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Immigration Policy & SEL Implications

The Facts

Freedberg, L. (2017, April 23). 1 in 8 children in California schools have an undocumented parent [Web log]. EdSource. Available at

This article highlights the challenges educators face in supporting undocumented students and mixed-status families. In response to the Trump administration’s promises to aggressively advance anti-immigration policies, educators report seeing the effects of heightened anxiety on their students. Some advocates have argued that schools have a crucial role to play in helping undocumented immigrants protect themselves and their families. In an effort to reassure their students, some California school districts have declared themselves “safe havens,” while other organizations are developing resource packets and trainings to help educators better defend their communities.

The Education Trust - West. (2017). Undocumented students in California: What you should know. Available at 3/2015/ 11/ETW_CA-Undocumented-Students-What-You-Need-to-Know-FINAL-April-2017.pdf

This infographic sheet provides a demographic overview of undocumented immigrants in the country and state. For instance, one in thirteen Californians is undocumented. It also provides a glossary of common terms, a review of national and state policies affecting undocumented immigrants and their families, and a list of both challenges and safeguards for undocumented children. 

The Problem

**Gándara, P., & Ee, J. (2018). U.S. immigration enforcement policy and its impact on teaching and learning in the nation’s schools. Available at

More than 5,400 educators from more than 730 schools in 24 districts and 12 states participated in a survey entitled the Impact of Immigration and Learning in the Nation’s Schools, conducted by the Civil Rights Project between October 2017 and January 2018. The survey was an attempt to study the impact of immigration enforcement on teaching and learning in schools across the nation. Overall, results from the survey show that schools that struggle the most to close achievement gaps are hit the hardest by the immigration policy enforcement. Among the findings, 90 percent of administrators indicated they had observed behavior emotional problems in immigrant students. For example, one teacher in Maryland reported one student attempted to slit her wrists because she had been separated from her family. In addition, 68 percent of administrators reported absenteeism is a huge problem, as students stay with their families—missing school—in case their parents get deported. Results from the survey further suggest that immigration enforcement is impacting parent involvement in schools and the academic performance of immigrant students, and has indirect effects on non-immigrant students as well.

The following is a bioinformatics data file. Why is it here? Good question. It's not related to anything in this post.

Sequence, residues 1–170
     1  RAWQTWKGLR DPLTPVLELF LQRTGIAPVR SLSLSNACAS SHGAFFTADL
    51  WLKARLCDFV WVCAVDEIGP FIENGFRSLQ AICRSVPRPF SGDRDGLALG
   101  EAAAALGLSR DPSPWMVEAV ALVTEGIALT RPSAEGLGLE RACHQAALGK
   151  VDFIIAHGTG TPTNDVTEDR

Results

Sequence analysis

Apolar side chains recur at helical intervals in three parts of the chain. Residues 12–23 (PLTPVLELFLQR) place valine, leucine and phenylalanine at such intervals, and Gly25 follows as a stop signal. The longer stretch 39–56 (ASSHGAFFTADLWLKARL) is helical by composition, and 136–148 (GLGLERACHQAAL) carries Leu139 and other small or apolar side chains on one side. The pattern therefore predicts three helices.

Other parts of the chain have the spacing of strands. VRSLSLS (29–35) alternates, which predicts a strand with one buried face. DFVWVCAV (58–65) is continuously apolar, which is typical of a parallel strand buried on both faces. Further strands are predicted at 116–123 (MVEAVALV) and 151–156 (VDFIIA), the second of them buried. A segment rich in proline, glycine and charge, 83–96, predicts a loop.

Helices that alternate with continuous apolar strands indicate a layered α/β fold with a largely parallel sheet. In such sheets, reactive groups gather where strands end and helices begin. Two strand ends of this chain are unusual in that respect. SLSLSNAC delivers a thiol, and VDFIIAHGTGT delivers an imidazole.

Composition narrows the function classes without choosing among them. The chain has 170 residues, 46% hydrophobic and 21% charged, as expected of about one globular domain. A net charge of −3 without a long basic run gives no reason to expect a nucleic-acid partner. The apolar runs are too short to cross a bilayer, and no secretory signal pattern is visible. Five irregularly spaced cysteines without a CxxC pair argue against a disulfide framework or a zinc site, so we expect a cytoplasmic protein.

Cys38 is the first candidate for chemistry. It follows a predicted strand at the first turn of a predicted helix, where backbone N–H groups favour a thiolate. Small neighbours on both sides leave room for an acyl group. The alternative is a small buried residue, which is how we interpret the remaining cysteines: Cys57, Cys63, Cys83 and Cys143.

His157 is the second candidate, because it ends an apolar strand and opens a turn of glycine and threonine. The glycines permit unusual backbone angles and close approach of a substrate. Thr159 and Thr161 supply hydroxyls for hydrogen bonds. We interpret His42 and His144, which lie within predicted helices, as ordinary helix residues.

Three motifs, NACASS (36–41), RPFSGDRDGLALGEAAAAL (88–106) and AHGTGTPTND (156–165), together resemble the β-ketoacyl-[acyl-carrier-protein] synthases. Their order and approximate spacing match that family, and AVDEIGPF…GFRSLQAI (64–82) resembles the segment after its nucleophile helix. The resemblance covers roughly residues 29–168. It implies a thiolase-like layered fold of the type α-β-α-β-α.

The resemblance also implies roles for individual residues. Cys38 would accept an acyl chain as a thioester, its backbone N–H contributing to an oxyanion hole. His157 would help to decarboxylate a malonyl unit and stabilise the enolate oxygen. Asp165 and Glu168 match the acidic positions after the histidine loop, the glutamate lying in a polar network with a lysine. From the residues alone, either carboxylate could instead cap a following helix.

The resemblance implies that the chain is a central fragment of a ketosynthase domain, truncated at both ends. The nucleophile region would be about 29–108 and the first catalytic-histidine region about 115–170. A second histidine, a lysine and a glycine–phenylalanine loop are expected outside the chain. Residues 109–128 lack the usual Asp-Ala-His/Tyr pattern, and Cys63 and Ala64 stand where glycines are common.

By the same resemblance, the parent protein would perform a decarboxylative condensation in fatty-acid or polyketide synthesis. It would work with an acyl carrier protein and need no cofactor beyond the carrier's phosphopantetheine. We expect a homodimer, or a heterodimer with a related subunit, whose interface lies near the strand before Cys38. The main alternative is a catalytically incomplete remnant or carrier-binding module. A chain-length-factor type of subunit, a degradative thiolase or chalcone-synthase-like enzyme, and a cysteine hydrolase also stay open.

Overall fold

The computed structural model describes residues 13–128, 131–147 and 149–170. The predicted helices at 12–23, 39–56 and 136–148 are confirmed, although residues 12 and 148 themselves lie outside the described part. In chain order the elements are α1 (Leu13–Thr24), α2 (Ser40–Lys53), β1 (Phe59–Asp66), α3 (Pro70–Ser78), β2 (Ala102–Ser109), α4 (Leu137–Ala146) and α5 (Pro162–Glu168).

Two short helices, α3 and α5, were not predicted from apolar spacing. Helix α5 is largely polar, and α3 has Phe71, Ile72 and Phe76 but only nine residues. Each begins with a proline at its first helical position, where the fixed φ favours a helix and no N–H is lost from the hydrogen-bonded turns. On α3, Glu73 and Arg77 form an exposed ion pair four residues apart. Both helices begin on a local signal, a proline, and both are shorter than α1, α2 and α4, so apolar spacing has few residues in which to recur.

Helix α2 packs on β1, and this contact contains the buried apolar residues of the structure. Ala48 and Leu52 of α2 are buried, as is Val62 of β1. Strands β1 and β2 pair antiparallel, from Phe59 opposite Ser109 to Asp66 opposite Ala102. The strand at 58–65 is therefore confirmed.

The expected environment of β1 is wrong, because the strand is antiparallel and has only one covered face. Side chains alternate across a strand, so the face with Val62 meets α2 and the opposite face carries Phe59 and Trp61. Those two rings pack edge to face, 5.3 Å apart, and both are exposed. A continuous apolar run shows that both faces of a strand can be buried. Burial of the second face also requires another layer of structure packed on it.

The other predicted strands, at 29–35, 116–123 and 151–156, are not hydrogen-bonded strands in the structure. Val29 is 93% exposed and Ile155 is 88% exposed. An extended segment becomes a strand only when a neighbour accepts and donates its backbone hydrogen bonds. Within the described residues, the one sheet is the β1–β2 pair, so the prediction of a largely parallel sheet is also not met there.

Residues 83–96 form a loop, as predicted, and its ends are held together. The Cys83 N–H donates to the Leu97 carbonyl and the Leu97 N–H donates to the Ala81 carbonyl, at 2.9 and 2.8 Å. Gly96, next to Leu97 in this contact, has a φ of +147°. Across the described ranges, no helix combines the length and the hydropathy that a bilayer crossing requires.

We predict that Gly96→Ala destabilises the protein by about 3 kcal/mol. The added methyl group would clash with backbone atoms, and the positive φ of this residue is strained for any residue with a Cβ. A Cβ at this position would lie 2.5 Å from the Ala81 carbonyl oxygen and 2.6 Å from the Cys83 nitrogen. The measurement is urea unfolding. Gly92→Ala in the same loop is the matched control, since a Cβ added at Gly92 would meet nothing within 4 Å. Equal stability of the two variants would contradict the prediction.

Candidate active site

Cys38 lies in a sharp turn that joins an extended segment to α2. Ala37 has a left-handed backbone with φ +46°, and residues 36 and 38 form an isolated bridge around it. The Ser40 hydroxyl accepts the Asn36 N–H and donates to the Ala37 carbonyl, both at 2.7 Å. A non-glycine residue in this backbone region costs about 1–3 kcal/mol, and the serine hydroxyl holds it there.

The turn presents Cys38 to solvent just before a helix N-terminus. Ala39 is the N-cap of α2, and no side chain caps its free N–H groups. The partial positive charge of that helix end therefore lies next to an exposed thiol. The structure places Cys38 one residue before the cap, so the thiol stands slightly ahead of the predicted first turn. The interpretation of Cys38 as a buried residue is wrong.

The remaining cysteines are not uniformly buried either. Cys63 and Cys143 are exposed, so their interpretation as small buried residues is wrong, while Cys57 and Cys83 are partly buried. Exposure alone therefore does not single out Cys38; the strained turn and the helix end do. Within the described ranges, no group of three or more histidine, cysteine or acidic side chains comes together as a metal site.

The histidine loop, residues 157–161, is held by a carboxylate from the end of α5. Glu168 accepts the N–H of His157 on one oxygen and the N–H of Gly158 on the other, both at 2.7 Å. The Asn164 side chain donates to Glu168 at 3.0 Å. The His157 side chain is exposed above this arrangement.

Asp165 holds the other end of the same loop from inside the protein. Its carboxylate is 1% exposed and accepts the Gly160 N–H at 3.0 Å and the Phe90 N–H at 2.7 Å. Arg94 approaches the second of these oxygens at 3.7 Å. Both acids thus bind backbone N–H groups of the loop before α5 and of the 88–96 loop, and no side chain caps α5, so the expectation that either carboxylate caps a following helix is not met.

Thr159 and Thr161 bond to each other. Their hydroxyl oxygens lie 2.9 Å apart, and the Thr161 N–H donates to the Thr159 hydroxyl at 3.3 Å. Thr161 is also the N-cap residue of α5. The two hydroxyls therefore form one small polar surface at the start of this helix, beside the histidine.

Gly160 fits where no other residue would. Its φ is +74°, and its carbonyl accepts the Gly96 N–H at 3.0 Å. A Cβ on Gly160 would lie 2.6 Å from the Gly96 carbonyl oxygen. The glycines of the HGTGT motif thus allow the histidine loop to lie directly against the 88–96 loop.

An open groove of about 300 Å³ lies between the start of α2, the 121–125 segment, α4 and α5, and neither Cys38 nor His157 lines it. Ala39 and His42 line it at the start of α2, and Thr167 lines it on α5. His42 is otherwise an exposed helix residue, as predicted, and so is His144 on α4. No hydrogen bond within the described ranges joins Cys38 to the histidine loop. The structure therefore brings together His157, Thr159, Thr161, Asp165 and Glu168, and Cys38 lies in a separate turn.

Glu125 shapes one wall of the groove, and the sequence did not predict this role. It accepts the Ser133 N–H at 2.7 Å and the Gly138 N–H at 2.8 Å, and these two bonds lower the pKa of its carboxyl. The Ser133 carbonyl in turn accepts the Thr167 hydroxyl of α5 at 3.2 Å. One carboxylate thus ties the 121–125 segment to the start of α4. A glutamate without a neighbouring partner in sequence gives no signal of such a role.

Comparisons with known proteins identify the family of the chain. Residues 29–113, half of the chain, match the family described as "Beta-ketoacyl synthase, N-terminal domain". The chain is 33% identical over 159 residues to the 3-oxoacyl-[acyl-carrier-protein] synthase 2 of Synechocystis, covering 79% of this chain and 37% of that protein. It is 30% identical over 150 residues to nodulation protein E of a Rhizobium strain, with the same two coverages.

For the full working paper, please visit

Rodriguez, N. (2018, January). Trump's immigration crackdown creating a public health crisis among children, analysts say. Newsweek. Available at

This article presents evidence from policy analysts and physicians that President Trump’s aggressive deportation policies and anti-immigrant rhetoric are causing a public health crisis among children in the United States. Children of undocumented immigrants report symptoms of toxic stress caused by the fear that their parents might be deported, which could have long-term health effects. Officials also report secondary health and wellness issues, such as undocumented parents being afraid to take their children to the doctor for routine health care or to walk them to school, resulting in compromised health care and increased absenteeism.

The Resources

Educators for Fair Consideration. (2016). Post-election: What educators can do to support undocumented students. Available at AlL8itwRFus/edit

This document is a collection of resources for educators supporting undocumented students and their families. The resources are organized in three categories: (1) resources that help the reader find support within their own local school or district, (2) resources intended for families, and (3) resources targeted to individual students. Each item listed includes a hyperlink that readers can click on to access the full resource. The authors consider this a “living document” and will continually update and add to the set of resources. To view the most current version, please visit

**This document is considered a priority pre-reading.